Great! I wish them well. But this has nothing to do with ending the Dollar’s supremacy. It is not symptomatic of “an accelerating process of de-dollarization”, as Engdahl claims.

It is what it is, for what it is, but it’s nowhere near anything that could affect the Big Picture.

In truth, the Dollar couldn’t care less what currency sign Gazprom prints on its gas bills.

Because when Gazprom takes on new debt from the Global Financial Market (though sanctions have made that difficult for the time being), of course it takes out those loans or sells those bonds for Dollars. Or euro. But not rubles. Or yuan, for that matter.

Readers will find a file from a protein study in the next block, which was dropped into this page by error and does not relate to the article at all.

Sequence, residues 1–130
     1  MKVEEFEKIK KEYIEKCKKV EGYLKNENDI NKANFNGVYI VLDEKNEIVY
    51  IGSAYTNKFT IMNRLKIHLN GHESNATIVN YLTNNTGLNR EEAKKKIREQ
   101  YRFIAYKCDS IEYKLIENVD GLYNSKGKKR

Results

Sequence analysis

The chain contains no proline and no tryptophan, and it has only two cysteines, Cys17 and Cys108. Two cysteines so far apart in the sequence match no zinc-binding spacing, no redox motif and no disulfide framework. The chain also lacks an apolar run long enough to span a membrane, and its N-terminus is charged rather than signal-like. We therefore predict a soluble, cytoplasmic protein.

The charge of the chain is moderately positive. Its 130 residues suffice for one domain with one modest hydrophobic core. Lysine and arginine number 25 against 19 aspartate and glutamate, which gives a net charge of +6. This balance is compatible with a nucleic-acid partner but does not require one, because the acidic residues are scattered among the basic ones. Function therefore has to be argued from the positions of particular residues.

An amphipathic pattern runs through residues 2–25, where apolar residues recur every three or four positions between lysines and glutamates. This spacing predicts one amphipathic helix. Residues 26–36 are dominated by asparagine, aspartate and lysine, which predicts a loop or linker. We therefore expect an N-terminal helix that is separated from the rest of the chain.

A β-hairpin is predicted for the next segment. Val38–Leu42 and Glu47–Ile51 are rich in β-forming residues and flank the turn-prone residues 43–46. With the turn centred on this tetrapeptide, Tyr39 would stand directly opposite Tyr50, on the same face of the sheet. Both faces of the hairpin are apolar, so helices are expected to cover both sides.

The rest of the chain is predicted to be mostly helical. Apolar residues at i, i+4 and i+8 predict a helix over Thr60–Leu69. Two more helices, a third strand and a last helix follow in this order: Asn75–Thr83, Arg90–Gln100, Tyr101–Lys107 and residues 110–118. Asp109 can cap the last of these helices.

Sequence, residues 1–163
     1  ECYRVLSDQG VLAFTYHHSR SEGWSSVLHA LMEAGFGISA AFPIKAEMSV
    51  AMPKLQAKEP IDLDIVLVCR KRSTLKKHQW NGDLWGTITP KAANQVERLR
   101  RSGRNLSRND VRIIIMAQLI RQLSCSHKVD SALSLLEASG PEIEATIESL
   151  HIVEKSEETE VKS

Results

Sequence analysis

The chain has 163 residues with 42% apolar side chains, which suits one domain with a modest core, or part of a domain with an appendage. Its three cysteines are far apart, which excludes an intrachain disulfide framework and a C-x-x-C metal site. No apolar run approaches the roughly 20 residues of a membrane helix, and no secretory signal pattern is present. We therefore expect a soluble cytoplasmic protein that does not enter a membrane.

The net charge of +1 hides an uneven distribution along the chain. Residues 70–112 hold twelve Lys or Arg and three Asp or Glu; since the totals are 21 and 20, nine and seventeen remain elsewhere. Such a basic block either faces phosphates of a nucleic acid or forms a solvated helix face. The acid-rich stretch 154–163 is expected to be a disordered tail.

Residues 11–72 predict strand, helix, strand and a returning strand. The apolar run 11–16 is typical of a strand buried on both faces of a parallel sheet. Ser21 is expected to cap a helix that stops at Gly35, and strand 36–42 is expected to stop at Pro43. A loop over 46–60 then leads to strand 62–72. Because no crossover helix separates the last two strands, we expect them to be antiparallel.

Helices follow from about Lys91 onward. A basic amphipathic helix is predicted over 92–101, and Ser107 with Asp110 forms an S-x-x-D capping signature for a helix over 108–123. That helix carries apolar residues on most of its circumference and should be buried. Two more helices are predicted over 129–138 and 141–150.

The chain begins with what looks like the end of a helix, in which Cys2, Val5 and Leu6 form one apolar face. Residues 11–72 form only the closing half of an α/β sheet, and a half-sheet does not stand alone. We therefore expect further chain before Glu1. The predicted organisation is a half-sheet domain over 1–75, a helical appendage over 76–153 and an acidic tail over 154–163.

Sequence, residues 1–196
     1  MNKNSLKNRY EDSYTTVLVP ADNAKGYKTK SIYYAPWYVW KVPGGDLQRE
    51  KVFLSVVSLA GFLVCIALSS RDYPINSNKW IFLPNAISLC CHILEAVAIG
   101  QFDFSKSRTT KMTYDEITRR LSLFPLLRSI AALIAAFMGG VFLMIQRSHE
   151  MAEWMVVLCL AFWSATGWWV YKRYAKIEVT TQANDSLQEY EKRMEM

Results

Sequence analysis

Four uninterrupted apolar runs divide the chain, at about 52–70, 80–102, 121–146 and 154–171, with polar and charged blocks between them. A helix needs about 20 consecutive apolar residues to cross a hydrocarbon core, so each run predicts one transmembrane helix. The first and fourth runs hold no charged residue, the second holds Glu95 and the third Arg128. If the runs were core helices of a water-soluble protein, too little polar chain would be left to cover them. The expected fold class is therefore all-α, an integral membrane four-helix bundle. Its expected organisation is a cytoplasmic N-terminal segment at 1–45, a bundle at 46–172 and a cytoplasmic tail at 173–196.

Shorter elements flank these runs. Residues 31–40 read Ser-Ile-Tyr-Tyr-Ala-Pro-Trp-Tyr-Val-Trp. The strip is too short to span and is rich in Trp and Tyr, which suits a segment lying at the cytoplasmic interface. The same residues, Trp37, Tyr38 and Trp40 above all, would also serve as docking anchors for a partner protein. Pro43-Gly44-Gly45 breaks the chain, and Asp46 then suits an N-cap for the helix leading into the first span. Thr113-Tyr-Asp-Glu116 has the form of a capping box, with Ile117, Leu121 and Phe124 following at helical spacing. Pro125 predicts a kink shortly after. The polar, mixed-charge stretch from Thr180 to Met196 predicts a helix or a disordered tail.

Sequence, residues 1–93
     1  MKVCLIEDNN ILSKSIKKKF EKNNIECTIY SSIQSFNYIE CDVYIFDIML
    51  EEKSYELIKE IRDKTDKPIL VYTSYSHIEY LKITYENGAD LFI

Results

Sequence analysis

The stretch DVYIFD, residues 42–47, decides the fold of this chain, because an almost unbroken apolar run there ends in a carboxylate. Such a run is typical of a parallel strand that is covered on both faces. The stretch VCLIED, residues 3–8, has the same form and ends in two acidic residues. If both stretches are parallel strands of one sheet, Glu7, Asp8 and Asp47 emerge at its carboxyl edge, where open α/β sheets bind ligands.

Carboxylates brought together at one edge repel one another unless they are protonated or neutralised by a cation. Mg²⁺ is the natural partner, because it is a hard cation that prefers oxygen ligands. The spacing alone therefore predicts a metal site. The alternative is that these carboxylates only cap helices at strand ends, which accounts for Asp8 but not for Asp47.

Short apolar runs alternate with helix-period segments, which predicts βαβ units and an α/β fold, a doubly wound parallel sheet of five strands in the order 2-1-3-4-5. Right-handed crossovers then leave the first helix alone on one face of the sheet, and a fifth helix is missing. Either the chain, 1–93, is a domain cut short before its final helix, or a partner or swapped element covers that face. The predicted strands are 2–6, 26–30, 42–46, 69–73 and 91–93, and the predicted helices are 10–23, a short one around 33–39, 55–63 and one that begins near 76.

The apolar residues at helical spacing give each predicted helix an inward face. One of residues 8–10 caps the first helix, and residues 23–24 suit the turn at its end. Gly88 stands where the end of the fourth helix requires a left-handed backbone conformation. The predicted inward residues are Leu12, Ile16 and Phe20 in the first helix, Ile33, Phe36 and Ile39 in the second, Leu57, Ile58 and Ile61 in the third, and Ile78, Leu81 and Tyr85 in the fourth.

And Gazprom must also repay those loans in Dollars.

Not only are the "money center" banks and institutional investors not interested in Gazprom's ruble-denominated debt, but no foreign private company is going to sell high-tech gear or provide its services to Gazprom for rubles. Because those companies owe Dollars (or euro, or yen) to their suppliers and creditors, both domestic and international, and so on down the chain.

And that's a global currency for you! It is a deeply entrenched monster that in its current iteration took a hundred years to develop.

So unless or until the entire Global Financial Market implodes and fragments into dozens of stand-alone currency/debt markets or is replaced by a “one world”, SDR-type master currency—with the Dollar being just one currency of hardly greater import than the ruble—then Russia can have no impact whatsoever on the Dollar.